Silence as a Practice of Nothingness

In yesterday’s DM we considered the apophatic side of Divinity, the limits of language to name the Great Mystery or what Eckhart called “the ocean of God’s unfathomableness.”  We also considered Estelle Frankel’s endorsement of the “wisdom of Not Knowing” and silence, therefore. 

Nothing so like God as silence. Photo by Adam Derewecki from Pixabay

If God is Nothingness (among other things), silence can be a door into God, an opening to the divine.

Indeed, Eckhart says “nothing in all creation is so like God as silence.”  For Eckhart silence is a requisite for listening deeply to the “Word of God” that dwells within us all.  Says Eckhart: The Word lies hidden in the soul, unknown and unheard unless room is made for it in the ground of hearing, otherwise it is not heard. All voices and sounds must cease and there must be pure stillness within, a still silence.  Stillness leads to an encounter with the Divine.

There are many kinds of silence.  Sometimes we are silent out of ignorance; sometimes out of fear or timidity or shyness; sometimes out of guilt (one bigshot this past week took the fifth amendment in a court trial 440 times lest he incriminate himself). 

The Buddha in silent repose. Photo by RKTKN on Unsplash

But, as Maria Montessori teaches, humans can “make silence”—and children ought to do so.  Another name for “making silence” is meditation or contemplation. Buddhism offers multiple meditation practices to empty the mind of thoughts. It also has lots to say about the nothingness and unknowability of God. Says Thich Nhat Hanh: 

It is impossible to use our concepts and words to describe God…. It’s very wise not to say anything about God. To me the best theologian is the one who never speaks about God.

Meister Eckhart is in full agreement when he says: The most beautiful thing which a person can say about God would be for that person to remain silent from the wisdom of an inner wealth. So, be silent and quit flapping your gums about God.

Finding God in the silence. Photo by Spencer Selover from Pexels

Eckhart urges us to enter into deep silence to find God. It is best, he says, “to maintain total silence about that which is the source of all things.” This is meditation, this is mindfulness.  To be continued

Adapted from Matthew Fox, Naming the Unnameable: 89 Wonderful and Useful Names for God…Including the Unnameable God, pp. 134f., 137.
To read a transcript of Matthew Fox’s video teaching, click HERE.
Banner image: Photo by Patrick Schneider on Unsplash

Queries for Contemplation

Are you at home with silence?  Do you practice silence in reaching out to what Eckhart calls “the source of all things” and “Nothingness” and the “Ocean of unfathomableness”?

Recommended Reading

Naming the Unnameable: 89 Wonderful and Useful Names for God …Including the Unnameable God

Too often, notions of God have been used as a means to control and to promote a narrow worldview. In Naming the Unnameable, renowned theologian and author Matthew Fox ignites our imaginations by offering a colorful range of Divine Names gathered from scientists and poets and mystics past and present, inviting us to always begin where true spirituality begins: from experience.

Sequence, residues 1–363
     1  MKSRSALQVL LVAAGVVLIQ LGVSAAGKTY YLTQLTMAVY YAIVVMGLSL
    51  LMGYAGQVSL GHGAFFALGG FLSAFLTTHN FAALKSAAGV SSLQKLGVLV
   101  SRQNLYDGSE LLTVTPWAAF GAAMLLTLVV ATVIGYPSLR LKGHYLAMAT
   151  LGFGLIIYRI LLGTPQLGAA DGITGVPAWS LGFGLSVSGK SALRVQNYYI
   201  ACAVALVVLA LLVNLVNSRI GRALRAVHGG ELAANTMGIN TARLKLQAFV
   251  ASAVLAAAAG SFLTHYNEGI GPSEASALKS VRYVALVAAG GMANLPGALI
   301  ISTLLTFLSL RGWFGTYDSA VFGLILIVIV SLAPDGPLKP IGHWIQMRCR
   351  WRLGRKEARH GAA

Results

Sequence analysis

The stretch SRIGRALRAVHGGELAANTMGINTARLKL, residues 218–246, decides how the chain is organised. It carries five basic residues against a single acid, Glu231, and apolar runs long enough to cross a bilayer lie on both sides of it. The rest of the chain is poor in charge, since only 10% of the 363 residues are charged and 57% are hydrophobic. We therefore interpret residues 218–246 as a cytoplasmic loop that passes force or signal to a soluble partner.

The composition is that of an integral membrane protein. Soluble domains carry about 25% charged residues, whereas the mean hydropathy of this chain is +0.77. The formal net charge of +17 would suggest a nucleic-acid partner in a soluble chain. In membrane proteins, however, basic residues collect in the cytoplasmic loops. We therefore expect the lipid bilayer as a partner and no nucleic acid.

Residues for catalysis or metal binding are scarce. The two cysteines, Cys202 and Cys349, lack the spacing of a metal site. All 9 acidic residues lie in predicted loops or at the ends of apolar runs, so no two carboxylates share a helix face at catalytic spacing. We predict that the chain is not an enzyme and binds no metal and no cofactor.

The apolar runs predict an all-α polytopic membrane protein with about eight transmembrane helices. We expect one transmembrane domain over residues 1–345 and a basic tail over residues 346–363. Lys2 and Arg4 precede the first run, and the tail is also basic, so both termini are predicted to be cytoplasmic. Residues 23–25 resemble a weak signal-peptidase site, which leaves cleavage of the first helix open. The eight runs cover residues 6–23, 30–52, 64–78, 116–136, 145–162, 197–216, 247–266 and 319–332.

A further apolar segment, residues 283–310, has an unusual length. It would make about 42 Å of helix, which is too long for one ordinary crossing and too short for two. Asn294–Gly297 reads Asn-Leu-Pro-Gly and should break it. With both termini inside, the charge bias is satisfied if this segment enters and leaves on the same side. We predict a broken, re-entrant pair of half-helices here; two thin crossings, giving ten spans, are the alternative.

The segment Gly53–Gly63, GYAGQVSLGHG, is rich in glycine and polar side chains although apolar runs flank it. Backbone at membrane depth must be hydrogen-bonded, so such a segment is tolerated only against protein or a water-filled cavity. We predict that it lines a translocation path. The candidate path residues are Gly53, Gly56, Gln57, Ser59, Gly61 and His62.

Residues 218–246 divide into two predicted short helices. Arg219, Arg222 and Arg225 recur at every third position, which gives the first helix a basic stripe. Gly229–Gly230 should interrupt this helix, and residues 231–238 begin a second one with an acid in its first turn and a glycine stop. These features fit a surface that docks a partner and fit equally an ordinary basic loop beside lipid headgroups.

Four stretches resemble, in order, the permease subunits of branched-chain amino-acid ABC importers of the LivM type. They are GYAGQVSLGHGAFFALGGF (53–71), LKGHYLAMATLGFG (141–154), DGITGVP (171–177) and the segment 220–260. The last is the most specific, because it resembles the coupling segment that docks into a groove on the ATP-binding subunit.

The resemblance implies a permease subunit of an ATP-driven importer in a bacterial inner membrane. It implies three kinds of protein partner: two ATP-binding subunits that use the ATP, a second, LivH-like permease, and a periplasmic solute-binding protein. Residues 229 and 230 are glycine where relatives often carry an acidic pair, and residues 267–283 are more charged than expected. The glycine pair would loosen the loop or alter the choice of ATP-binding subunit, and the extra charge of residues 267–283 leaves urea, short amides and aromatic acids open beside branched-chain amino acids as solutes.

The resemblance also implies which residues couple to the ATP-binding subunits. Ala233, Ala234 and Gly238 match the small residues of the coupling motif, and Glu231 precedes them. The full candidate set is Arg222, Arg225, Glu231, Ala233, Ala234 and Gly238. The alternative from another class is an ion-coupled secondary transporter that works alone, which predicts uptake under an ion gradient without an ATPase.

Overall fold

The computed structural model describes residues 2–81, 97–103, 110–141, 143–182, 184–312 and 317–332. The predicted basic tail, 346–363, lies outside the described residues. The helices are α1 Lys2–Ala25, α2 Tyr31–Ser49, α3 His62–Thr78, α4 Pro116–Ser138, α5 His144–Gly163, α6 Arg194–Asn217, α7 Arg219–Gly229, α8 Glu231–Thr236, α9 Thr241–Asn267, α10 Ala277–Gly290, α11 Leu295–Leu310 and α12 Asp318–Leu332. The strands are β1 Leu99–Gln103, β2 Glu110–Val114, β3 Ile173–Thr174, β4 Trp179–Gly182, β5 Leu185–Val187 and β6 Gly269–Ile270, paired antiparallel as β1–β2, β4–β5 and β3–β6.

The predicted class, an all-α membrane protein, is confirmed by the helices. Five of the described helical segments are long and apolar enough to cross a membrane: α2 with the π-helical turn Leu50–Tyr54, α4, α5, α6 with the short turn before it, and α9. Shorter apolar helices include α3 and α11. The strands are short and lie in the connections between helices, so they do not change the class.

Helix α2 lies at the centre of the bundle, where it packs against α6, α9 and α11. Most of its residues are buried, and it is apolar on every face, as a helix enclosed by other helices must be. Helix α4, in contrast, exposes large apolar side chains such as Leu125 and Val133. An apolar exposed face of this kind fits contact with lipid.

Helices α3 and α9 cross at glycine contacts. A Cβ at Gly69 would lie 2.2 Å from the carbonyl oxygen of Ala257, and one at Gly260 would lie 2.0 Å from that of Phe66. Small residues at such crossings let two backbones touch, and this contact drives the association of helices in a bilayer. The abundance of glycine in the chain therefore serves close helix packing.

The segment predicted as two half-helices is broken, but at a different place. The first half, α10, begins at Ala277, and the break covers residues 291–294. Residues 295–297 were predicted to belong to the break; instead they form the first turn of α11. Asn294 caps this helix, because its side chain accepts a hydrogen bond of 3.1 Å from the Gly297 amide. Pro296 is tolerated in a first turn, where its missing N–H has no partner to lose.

“This book is timely, important and admirably brief; it is also open ended—there are always more names to come, and none can exhaust God’s nature.” -Rupert Sheldrake, PhD, author of Science Set Free and The Presence of the Past

Responses are welcomed. To add your comment, please click HERE or scroll to the bottom of the page.

Share this meditation


Daily Meditations with Matthew Fox is made possible through the generosity of donors. Please consider making a tax-deductible donation

Search Meditations





Receive our daily meditations

18 thoughts on “Silence as a Practice of Nothingness”

  1. Richard Reich-Kuykendall
    Richard Reich-Kuykendall

    To help moderate the volume of responses, the Comment field is limited to 1000 characters (roughly 200 words). Please keep your comments focused on the topic of the day’s Meditation. 
    As always, we look forward to your comments!!
    The Daily Meditation Team

  2. Richard Reich-Kuykendall
    Richard Reich-Kuykendall

    Matthew, Today you begin with this quotation by Eckhart: “nothing in all creation is so like God as silence.” You mentioned the image of the ocean for God’s unfathomableness yesterday, but in this silence I see the image of outer space where everything is silent… Furthermore you show us that silence is the prerequisite for hearing the Word of God within us, otherwise it is not heard and you say, “another name for ‘making silence’ is meditation or contemplation. Thich Nhat Hanh even goes so far to say,: “It is impossible to use our concepts and words to describe God…. It’s very wise not to say anything about God. To me the best theologian is the one who never speaks about God.” You ask us: “Are you at home with silence?” Yes, and that’s why my time for contemplation is so important to me. And thank you for quoting one of my favorites from Eckhart: “The most beautiful thing which a person can say about God would be for that person to remain silent from the wisdom of an inner wealth. So, be silent and quit flapping your gums about God.”

  3. Avatar

    Two of my favorite Upanishads: ‘There are two ways of knowing reality: One is through sound and the other is through silence. It is through sound that we arrive at silence….And that sound is Aum (OM). (Maitri Upanishad (6.22))’ ..and “He who thinks he knows it (The Tat/ The One) doesn’t know It. He who doesn’t think he knows It..knows It (The Tat/the One’) (for me meditation is the suspension of all knowing…Through the silent moments…and sometimes hearing the whispers of Spirit speaking to my spirit within.. through the suspension of all naming of the One from which we came) The experience of coming Home…Om. as per the silence…..Paul Simon and ART Garfunkel’s song” The Sound of Silence” comes to mind in lieu of our sensory experiences of the world.